Theatre The seminar on “Spaces”, organised by the India Theatre Forum, threw up diverse ideas from practitioners across the world
Even when you have something as organised as a “seminar”, the idea of “space” fails to conjure up a same, uniform thought. Not even when it involves a single, cohesive community, pursuing the common passion of theatre. The idea could be far more dynamic, and highly evolved, trespassing into areas most unanticipated. Languages, histories, memories, cultures bring meaning to a space – emotional as well as intellectual. It is the site of performance and at once an expression of a range of views — from political to philosophical.
“Spaces of Theatre, Spaces for Theatre” — the five-day seminar at Heggodu, Sagara Taluk — organised by the India Theatre Forum, brought together practitioners, critics, architects, stage designers, and academicians, each laying on the table diverse thoughts.
Can space be independent of time? Or time of space? Are time and space one-dimensional – do they locate themselves only in the physical? If one regards them as processes and identifies it as a relationship between space and body, then as India Theatre Forum set out to define, “the act of theatre is always more than simply the act of theatre”. The act is connected to “real” spaces (time intrinsic), not always necessarily contemporary.
It's certainly beyond the physical, argued well-known theatre director Veenapani Chawla. Tracing the notions of space in science and philosophy, as envisioned by Einstein and Aurobindo, she recognised three kinds of spaces in theatre. “There is the inner psychological space of the performer, the external ‘real' space, which she shares with the audience and a larger cosmic space. And all these spaces are fluid, without sharp dividing lines between them; anticipating the aesthetic space of hereness,” she explained. The three states flow into each other like water, with a force of its own. “The conscious energised performer will bring to her performance a concentrated consciousness of her multiple inner spaces and to her external space: her body,” she added. Preeti Athreya shared a similar viewpoint: she took it back to Bharatha's Natyashastra and said, “The body of the performer is the primary space of theatre.”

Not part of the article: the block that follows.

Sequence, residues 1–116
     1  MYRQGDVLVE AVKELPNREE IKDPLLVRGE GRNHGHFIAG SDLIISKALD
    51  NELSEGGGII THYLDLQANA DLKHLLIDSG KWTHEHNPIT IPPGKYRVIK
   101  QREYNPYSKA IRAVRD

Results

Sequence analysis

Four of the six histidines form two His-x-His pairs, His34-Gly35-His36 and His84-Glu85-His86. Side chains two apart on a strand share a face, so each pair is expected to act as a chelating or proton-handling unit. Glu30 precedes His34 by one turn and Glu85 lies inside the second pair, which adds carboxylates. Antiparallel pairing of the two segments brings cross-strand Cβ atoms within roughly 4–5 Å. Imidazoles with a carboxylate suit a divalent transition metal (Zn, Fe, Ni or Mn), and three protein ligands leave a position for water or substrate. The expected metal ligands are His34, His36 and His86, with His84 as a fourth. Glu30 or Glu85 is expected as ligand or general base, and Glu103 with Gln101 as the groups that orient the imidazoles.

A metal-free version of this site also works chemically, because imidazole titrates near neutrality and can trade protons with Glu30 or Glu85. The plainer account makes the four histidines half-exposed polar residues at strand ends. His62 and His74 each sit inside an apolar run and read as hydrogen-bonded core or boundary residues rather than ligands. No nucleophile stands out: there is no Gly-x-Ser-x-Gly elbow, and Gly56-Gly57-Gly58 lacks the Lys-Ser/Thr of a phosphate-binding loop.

“Space should trigger imagination,” said theatre director Sankaran Venkateshwaran. Theatre, he said, was a series of impulses for him, and hence the entire act of putting a piece of theatre together was keeping the first impulse connected to the last, and these impulses came from both the inner and outer space. Culture critic Sadanand Menon called it the “jeeva” of a place. The place may be ridden with imperfections, but the play goes on. “There is, I believe, an invisible centre to a space, its soul,” he observed, and “technology certainly cannot pretend to be superior.”
Taking it beyond the “inner” and “outer” regions of space, the debate moved to the recognition of a value system, and deep faith in the community. Playwright and theatre person Satish Alekar's Lalita Kala Academy, or Prithiviraj Kapoor's “Prithvi Theatre” or K.V. Subbanna's “Ninasam” – they were originally beliefs that later assumed a physical space. Alekar said, “It was to create an audience for Marathi performers.” “It grew out of a context. An impulse that tried to find a way in which it could deal with art and society, with community as its centre,” said K.V. Akshara, speaking of his father's dream. “It was with the belief that theatre mattered,” said Sanjana Kapoor, speaking of the Prithvi vision. “We wanted a space that fed the world of the actor and the world of the audiences.”
When Sudhanwa Deshpande, core member of the India Theatre Forum, recalled how SRC Basement, Chhabildas, Padatik, and Sudarshan in Mumbai played an “enormously important role in nurturing non-commercial theatre in cities, because they brought about, fostered, nurtured ‘the most vivid relationships between people'”, it seemed an extension of the Prithvi and Ninasam endeavour. He spoke of an energy that “flowed between performers and audiences.” Though they had not been specifically designed for performances, “they filled a lacuna, they responded to the times,” he explained. For someone who believes in minimal stage design, director Sunil Shanbhag averred that his theatre is never divorced from its social context. “For me text is extremely important. I use theatre as a canvas to tackle larger issues.”
For Peter Brook's stage designer Jean Guy Lecat and Pralayan, who has been doing Street Theatre for nearly four decades, “space” is a tool of defiance. For Jean, who turned garages and quarries into grand theatre spaces, it was aesthetic defiance, but for Pralayan, seeking space between Brooks' “no space is neutral” and Badal Sircar's struggle for “non-commodified and people-friendly performance-spaces”, intervention into exclusive spaces was political defiance.
As theatre critic Samik Bandhopadhyay put it, “cultural spaces are geo-political spaces.” Hence, there can be no standardised theatre spaces that will create standard theatre responses. Language nurtures histories and memories, and it is impossible to blur all spaces into one Indian general reality. “Space” may be a crucial issue, but it's not the primary impulse in theatre. The stimulus comes from a hundred different locations.
Cultural spaces are geo-political spaces